THE Institute for Climate and Sustainable Cities (ICSC) said the Philippines needs to move towards more “distributed” power generation, which would involve the construction of more solar generation facilities while abandoning the current model of centralized baseload power, currently dominated by coal-fired plants.
In an e-mail interview on Sept. 9, Pedro H. Maniego, senior policy advisor of ICSC, a climate and energy policy group, said that the dependence on coal renders the Philippines vulnerable to volatile international energy prices, and put forward solar as an alternative.
“We lack sufficient power to support our developing economy and increasing population. We need to augment our power supply now,” Mr. Maniego added.
He called solar power the best technology for distributed generation in the context of the Philippines’ archipelagic geography, which results in many remote areas unserved by the grid.
“Given the country’s geography and minimal domestic fossil fuel sources, the country really has no option but to tap technological innovation to meet its twin goals of low carbon and reliable energy,” Mr. Maniego said.
Last week, Energy Secretary Raphael P.M. Lotilla said that the government will review the power outlook for next year because of the volatility of the gas market.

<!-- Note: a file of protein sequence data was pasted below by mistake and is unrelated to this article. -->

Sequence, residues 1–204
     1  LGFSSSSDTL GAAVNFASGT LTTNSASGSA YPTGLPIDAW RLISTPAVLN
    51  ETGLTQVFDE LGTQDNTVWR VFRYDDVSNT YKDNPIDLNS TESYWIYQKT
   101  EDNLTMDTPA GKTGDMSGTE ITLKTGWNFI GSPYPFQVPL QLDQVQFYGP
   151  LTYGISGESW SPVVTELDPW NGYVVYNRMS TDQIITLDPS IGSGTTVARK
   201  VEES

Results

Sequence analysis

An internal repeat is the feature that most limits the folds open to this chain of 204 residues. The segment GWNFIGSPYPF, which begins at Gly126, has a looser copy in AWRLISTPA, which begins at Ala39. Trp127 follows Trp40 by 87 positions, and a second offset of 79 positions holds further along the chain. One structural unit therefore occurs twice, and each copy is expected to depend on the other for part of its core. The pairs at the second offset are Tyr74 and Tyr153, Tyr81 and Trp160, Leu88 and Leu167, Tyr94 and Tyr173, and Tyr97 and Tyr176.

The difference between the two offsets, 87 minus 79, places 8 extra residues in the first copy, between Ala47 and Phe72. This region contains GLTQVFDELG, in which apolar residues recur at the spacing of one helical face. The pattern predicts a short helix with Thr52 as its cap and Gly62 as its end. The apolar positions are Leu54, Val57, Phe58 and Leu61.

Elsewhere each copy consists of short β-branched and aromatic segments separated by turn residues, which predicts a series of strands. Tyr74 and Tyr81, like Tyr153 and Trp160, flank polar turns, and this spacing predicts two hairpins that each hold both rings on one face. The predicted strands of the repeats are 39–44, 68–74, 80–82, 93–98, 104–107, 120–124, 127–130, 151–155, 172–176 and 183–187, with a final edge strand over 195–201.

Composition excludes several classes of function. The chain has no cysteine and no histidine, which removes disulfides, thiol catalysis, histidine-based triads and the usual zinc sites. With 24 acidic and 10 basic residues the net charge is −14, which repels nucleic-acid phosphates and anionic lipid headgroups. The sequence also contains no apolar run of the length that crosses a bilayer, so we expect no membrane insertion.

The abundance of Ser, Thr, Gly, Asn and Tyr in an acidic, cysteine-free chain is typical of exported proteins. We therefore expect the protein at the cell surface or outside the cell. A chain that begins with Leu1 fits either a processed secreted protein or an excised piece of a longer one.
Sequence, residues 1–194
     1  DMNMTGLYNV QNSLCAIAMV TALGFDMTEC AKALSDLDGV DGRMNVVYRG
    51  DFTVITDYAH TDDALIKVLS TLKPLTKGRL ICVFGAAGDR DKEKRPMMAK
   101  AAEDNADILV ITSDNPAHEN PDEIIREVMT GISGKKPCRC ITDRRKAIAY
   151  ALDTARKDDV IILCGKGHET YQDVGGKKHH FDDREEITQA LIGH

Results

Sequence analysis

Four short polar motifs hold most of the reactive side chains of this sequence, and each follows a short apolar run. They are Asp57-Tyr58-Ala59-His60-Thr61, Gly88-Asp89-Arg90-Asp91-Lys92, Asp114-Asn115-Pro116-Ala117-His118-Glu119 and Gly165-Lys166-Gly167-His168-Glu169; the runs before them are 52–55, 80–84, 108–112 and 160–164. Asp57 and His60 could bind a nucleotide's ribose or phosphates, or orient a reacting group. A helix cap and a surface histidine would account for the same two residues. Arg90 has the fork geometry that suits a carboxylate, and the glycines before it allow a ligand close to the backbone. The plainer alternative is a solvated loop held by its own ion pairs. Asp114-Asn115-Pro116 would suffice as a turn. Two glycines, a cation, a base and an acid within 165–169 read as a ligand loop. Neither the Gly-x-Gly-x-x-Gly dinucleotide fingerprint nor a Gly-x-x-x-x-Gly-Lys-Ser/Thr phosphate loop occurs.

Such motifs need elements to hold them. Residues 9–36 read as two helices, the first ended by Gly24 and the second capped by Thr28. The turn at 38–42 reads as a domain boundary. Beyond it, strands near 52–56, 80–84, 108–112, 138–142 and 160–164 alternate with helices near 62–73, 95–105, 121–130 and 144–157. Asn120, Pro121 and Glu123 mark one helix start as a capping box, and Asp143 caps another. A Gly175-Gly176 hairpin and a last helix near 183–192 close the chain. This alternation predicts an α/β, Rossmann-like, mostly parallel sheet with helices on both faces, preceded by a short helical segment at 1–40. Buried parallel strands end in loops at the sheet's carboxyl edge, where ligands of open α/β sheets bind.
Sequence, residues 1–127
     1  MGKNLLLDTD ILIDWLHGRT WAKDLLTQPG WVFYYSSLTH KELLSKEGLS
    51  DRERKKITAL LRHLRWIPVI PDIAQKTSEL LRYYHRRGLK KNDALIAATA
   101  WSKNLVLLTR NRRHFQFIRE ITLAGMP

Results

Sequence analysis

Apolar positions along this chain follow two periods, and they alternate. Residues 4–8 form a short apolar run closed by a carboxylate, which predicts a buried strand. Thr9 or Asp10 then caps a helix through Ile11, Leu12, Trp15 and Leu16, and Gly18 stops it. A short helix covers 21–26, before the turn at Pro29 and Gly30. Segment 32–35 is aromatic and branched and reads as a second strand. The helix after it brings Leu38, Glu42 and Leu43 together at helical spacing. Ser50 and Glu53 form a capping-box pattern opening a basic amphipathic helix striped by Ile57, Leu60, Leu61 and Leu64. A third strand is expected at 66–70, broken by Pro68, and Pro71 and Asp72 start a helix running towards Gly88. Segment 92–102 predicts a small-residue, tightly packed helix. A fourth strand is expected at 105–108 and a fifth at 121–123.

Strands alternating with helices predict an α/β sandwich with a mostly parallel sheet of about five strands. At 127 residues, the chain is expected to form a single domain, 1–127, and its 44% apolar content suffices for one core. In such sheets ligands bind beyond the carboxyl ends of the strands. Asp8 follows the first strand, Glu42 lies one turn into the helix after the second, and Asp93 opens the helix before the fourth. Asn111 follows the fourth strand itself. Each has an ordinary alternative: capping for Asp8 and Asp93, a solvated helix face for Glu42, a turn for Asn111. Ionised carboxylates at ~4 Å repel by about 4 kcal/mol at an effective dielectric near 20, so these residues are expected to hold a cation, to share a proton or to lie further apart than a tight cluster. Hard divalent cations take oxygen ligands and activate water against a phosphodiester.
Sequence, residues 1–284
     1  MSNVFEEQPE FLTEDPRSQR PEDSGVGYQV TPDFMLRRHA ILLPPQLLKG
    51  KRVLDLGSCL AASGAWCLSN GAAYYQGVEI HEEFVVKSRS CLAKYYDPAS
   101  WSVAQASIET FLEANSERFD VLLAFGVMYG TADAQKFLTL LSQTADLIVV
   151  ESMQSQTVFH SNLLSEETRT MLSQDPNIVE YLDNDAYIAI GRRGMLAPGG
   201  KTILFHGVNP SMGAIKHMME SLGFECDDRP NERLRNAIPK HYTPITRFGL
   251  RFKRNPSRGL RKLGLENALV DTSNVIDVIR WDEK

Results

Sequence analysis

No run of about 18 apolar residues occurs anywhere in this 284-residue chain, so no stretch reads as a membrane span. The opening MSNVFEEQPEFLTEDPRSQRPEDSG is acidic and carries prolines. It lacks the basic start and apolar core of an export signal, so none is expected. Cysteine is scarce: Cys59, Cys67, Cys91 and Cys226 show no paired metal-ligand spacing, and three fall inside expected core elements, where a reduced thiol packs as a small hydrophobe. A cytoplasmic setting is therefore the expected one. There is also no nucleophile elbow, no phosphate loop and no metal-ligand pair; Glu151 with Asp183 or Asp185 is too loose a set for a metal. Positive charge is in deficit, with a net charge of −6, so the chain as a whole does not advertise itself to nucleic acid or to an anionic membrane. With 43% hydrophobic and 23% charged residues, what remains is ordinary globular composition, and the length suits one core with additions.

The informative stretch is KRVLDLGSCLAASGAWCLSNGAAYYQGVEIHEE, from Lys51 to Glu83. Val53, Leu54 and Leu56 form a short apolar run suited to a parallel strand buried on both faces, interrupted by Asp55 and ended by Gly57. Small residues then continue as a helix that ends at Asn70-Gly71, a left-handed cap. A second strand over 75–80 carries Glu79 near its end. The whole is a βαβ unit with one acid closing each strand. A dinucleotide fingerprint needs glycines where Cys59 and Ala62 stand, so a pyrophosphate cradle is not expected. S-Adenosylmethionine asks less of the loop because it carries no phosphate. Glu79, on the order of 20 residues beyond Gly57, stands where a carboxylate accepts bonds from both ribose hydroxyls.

“Fossil fuel prices tend to go up over the long term, and to spike whenever there are international crises,” Mr. Maniego said.
Mr. Maniego added that the Philippines has sufficient RE potential to meet its energy needs, noting that “solar and wind have much lower levelized cost of electricity compared to fossil fuel power plants. Prices are expected to further decrease.”
Renato Redentor Constantino, ICSC’s executive director, said in a statement last week that government and banks should provide more financing for RE.
“The banks and Department of Finance should (abandon) the ‘pawnshop mentality’ and step up to provide more lending opportunities for RE investment,” Mr. Constantino said. — Ashley Erika O. Jose